Keep Everyone Updated: Your fans will want to where you are. Don’t just go silent for a month and expect people to be able to read your mind and know what’s happening.

Be Visual: Where possible, take photos, shoot videos, and perhaps even stream live from your phone. This way, your audience will connect with what you are going through and feel that they are part of the journey.

The Pre-Launch Stage

So, you’ve signed the lease and are now preparing the space. It’s time to start converting your blog into the studio website. You can install a header banner with a countdown timer and so that people know you’re not yet open. But, by having everything there, people will be able to get a sense of what they can expect once you do open for business.

Give your followers plenty of prior notice of the opening. Don’t just briefly mention it once and expect people to remember it. I recommend getting the word out as follows:

1. Once 3-months out from the date
2. Once 2-months out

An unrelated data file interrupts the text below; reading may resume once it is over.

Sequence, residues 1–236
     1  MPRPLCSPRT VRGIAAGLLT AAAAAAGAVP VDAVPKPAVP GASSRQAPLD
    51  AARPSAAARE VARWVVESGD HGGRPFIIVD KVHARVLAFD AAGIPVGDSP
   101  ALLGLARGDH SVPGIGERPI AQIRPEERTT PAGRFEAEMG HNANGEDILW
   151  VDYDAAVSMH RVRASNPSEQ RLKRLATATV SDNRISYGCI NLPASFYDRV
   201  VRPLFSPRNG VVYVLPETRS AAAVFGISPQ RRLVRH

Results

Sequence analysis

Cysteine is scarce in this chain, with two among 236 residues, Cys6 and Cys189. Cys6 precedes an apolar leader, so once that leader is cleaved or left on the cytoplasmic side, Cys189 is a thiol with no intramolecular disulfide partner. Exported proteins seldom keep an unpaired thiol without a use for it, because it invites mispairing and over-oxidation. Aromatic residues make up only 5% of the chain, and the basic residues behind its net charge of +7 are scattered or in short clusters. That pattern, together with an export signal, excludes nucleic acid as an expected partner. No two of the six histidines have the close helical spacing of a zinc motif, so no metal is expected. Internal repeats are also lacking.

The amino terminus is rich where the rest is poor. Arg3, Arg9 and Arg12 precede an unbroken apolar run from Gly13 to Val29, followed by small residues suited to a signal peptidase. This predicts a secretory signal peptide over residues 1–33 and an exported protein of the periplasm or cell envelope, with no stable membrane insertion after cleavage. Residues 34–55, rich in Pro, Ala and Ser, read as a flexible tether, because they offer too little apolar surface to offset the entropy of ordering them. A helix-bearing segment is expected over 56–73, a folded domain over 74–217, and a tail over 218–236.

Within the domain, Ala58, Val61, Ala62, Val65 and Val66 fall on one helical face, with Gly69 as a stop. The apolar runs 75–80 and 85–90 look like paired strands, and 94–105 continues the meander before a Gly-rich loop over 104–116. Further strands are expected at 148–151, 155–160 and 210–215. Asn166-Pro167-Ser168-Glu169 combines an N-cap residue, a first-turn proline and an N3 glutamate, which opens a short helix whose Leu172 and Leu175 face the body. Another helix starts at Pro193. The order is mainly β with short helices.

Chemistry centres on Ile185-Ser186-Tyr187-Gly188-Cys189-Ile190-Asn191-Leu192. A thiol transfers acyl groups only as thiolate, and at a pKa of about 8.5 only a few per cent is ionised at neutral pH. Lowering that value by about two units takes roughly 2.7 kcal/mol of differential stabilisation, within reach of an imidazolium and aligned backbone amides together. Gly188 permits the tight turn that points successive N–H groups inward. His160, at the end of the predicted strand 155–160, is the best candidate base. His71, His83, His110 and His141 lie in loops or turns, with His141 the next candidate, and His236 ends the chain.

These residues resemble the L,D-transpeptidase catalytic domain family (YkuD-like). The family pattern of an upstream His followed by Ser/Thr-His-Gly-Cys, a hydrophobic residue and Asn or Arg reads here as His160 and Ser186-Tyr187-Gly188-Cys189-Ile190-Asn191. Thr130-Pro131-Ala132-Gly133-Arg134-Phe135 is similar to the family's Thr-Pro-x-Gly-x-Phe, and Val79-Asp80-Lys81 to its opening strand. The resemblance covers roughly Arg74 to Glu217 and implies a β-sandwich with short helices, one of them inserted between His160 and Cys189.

3. Then from 1-month out, post weekly for each week counting down to the date
4. The day before

3. Listing in Directories

About one month before opening, prepare all your studio’s details and list your studio in relevant directories.
General Directories: These are often the first place people look and should be your first priorities. The top ones are Google Maps (Google My Business), Bing Maps, and Yelp.

Specialist Yoga Studio Directories: What they lack in sheer traffic volume, they make up for in focus. Sites to check out include PlacesToYoga and YogaTrail.

Local Portals: Any specific websites that are focused on your area such as local news sites; especially those that focus on lifestyle.

Photos of the studio are crucial for giving people an idea of what to expect before they go. If it’s too early to have good photos ready, perhaps your interior designer or architect put some sketches together for you.

Alternatively, make a note in your task list to go back and upload photos to your listing once they are ready.

4. Post Launch

To see what a well-marketed yoga studio looks like post-launch, all you need to do is check out the online presence of the top yoga studios around the world.